The mismatch of capital loss versus employment income has caused tax problems in the past for various tech company employees in the early 2000s. The situation became so bad for some employees of SDL Optics Inc. that the government granted remission orders in 2007 and 2008, forgiving both the income taxes and arrears interest that arose from 45 former employees’ participation in the company’s stock-purchase plan.
A remission order is, in the Canada Revenue Agency’s words, “an extraordinary measure that allows the government to provide full or partial relief from a tax or penalty, or other debt, under certain circumstances, when such relief is not otherwise available under the existing laws.” Remission can be granted in cases of extreme hardship, incorrect action or advice on the part of CRA officials, financial setback coupled with extenuating factors, or unintended results of the legislation.
The Vancouver couple were former employees of a company that offered a stock option plan and they exercised their stock options in 1997 and 1998. Unfortunately, the stock lost its value when the company ran afoul of the United States Securities and Exchange Commission, and trading of the stock was suspended.
The taxpayers were required to report the stock option benefit as part of their income for 1997 and 1998. The CRA assessed the couple’s income tax returns, resulting in tax, late filing penalties and interest, which, by 2020, combined with other amounts owing, had reached balances owing of a bit more than $48,000 for the husband and $268,000 for the wife.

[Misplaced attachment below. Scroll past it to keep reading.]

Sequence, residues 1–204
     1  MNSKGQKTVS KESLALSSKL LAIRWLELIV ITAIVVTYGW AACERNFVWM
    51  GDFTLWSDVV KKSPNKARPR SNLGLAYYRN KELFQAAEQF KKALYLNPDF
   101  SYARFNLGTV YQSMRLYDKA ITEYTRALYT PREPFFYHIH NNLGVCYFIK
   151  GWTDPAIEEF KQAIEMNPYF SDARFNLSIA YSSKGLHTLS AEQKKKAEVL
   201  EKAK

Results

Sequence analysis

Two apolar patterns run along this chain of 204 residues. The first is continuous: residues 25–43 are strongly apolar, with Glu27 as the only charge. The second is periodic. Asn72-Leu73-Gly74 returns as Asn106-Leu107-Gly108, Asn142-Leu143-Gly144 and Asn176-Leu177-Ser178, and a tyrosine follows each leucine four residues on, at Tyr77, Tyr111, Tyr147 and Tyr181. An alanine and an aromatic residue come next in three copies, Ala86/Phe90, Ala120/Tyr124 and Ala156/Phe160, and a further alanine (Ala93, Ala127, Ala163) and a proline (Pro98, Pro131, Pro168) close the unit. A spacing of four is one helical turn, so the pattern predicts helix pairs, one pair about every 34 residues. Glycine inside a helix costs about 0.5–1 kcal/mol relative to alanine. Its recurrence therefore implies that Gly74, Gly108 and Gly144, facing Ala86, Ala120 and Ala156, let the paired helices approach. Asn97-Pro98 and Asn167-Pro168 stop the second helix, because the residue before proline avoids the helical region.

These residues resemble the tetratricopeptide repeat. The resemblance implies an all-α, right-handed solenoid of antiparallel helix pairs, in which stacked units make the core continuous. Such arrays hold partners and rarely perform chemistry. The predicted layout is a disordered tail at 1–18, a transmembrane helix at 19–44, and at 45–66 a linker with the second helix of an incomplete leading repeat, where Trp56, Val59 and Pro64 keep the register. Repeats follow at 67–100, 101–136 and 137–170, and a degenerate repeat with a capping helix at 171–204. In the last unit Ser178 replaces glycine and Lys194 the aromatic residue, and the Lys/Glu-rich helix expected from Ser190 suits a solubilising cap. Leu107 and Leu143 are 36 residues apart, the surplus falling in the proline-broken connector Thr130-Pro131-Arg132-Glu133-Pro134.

The CRA began collection procedures against the couple in 1997, including registering judgments against their home in Vancouver and issuing requirements to pay to their financial institutions and employers, and would garnish the husband’s Canada Pension Plan benefits and proceeds from the wife’s mother’s estate if they didn’t pay.
In late 2017, the couple sent a joint letter to the CRA, applying for a remission of tax, interest and penalties, because of extreme hardship, extenuating circumstances and the “public interest.” In their submission, they explained that the only asset they had was their $1-million Vancouver home and argued that being forced to liquidate that asset would be “unreasonable and unjust.” They submitted that it was “not in the public interest to force them to liquidate their home, as it is express public policy to keep senior citizens in their homes when possible.”
The CRA disagreed and denied their request for a remission order, noting the couple had sufficient equity in their house to pay their outstanding tax liability, and that they had, in the past, refinanced their home, but had not used those funds to pay their tax debts. The CRA also noted that the potential for a sudden decline in value after acquiring shares is a “known risk.”
The couple subsequently liquidated their home and paid their tax debts, but nonetheless applied to the Federal Court for a judicial review of the CRA’s decision. At trial, the judge was tasked with determining whether the CRA’s decision was “reasonable.” The court found that it was, and dismissed the couple’s application.